Heads of Government were pleased that a number of their countries participated at the highest political level at the United Nations General Assembly Special Session on HIV/AIDS, and were deeply appreciative of the support to be provided by the United Nations as acknowledged by the United Nations Secretary-General in his message to the Twenty-Second Meeting of the Conference. They reiterated their support for the declaration arising from the Special Session and agreed to adopt a consolidated approach to maximise the benefits to the Region from the proposed UN Global HIV/AIDS-Health Fund. They stressed the need for those Governments that had not yet done so, to prepare their national strategic plans by September 2001, so as to facilitate access to available funding.

Heads of Government received with appreciation the announcement by the Canadian High Commissioner, His Excellency John Robinson, of CIDA's enhanced support to the Region's HIV/AIDS Pan Caribbean Partnership, in the sum of Cdn$20million.

Heads of Government recalled the pledge made by President Bush in Quebec City, of a total of US$20 million in HIV/AIDS funding to the Caribbean for fiscal year 2002, as part of the USA's proposed Third Border Initiative.

Heads of Government welcomed the proposal from Mexico for cooperation and technical assistance in these matters.

Conscious of the need to confront the pandemic within the context of a more comprehensive Caribbean Health Initiative, Heads of Government further agreed to issue the Nassau Declaration on Health 2001: The Health of the Region is the Wealth of the Region, which is attached at Annex I.

Regional Security Issues

Heads of Government recognised the need for regional action on crime and security issues arising from the increasing drug related activities and other serious crimes in the Region. They expressed grave concern over the threats posed to the security and stability of the countries of the Region. They recognised that concerted and coordinated responses at the national, sub-regional and regional levels, building on existing machinery, will be required in order to bring about lasting and effective solutions.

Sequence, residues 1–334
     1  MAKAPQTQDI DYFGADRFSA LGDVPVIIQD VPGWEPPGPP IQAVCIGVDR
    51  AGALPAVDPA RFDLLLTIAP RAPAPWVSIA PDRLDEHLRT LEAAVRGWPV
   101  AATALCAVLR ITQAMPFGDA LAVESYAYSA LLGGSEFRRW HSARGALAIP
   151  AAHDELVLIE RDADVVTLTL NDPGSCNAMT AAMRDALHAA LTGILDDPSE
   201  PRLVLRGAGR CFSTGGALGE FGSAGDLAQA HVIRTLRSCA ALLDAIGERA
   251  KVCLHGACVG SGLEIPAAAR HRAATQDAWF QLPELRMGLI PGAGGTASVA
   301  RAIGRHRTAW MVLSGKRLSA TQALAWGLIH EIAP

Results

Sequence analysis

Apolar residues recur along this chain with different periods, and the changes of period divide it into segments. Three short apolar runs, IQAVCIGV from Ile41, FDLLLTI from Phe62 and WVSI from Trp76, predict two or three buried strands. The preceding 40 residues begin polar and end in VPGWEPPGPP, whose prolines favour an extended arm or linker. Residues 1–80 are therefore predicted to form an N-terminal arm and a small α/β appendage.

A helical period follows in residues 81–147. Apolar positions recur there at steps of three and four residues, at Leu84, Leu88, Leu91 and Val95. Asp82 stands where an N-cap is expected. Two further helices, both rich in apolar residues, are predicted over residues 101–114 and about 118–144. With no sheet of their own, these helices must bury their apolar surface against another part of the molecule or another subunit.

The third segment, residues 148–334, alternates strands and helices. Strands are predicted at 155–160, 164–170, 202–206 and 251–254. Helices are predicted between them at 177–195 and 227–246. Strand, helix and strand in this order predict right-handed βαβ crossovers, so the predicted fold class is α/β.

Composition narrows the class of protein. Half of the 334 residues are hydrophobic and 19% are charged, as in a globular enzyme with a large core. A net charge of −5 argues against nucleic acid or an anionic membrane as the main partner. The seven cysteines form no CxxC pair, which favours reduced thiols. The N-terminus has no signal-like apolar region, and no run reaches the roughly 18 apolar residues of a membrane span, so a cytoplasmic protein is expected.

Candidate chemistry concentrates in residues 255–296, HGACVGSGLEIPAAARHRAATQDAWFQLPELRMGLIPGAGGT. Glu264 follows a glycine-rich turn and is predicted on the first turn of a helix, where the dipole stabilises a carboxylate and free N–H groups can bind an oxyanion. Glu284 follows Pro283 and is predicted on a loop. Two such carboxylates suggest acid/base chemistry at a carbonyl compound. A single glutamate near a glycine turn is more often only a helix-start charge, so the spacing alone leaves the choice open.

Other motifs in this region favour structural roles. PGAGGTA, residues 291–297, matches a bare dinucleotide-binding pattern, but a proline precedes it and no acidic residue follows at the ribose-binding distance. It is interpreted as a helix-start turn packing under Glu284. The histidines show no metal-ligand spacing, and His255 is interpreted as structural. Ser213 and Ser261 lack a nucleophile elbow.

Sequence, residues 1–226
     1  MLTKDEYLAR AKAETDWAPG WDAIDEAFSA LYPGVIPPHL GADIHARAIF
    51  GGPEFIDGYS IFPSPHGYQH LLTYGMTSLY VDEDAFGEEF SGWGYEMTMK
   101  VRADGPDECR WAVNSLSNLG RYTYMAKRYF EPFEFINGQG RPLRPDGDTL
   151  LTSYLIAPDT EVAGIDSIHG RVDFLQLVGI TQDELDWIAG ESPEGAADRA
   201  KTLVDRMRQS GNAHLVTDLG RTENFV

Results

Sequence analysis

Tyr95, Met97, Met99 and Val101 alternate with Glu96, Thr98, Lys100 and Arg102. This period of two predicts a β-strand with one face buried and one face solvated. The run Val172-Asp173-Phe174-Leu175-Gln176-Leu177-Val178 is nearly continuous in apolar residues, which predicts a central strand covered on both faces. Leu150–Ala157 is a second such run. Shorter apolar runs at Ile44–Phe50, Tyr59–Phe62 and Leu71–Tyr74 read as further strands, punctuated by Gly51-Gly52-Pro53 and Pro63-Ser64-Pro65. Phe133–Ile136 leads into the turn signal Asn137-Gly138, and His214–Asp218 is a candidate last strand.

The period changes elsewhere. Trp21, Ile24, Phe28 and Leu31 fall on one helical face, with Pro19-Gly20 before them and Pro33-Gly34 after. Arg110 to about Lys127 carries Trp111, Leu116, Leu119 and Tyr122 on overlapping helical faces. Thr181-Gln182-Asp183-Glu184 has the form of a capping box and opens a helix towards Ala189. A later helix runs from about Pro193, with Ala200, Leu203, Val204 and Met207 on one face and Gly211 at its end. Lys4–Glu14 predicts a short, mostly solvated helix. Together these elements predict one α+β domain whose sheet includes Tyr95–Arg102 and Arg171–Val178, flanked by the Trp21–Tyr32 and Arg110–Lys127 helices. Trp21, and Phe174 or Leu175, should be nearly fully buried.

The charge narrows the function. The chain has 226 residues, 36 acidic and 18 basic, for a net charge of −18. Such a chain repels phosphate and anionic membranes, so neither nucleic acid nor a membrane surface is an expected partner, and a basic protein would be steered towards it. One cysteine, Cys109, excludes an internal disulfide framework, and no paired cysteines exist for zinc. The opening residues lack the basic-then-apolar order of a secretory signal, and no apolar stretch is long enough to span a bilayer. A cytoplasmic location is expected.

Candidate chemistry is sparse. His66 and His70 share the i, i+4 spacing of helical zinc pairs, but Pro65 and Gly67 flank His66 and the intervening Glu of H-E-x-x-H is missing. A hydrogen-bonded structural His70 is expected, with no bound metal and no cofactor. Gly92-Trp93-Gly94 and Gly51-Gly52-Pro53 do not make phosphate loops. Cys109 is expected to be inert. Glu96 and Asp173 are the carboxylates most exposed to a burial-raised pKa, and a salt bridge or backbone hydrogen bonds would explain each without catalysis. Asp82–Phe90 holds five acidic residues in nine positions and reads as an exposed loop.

Heads of Government agreed that they will devote special attention to the issues of crime and security at their Thirteenth Inter-Sessional Meeting in Belize in early 2002. To facilitate decisions, they agreed to establish a special Regional Task Force to analyse the fundamental causes of crime and security threats in the Region and to develop recommendations for consideration by Attorneys-General and Minsters responsible for National Security in advance of their Meeting in Belize, from 4 to 6 February, 2002.

Tourism Summit

Heads of Government underscored that a viable and sustainable tourism industry was critical to the economic well being of all the states of the Region. They readily acknowledged that, although there existed Caribbean cooperation in tourism at some levels, this needed to be more focused and intensified, with a view to promoting the Caribbean Region as a single destination.

Heads of Government looked forward to the convening in The Bahamas on 20-21 October 2001, of a CARICOM Summit on Tourism aimed at jointly developing innovative strategies for strengthening the industry and imparting new orientation and dynamism to the region's tourism product.


Heads of Government, in light of the continuing importance of agriculture to the economic and social development of Member States, reviewed the pace of implementation of the Community Agricultural Policy for the transformation of the Region's agriculture to international competitiveness. They acknowledged that the regional programme, which had been refocused for greater effectiveness, and which was intended to support national initiatives, had been compromised by inadequate resources. Heads of Government endorsed the initiatives being developed by the Caribbean Development Bank and the CARICOM Secretariat to tackle the problem and pressed for their urgent implementation.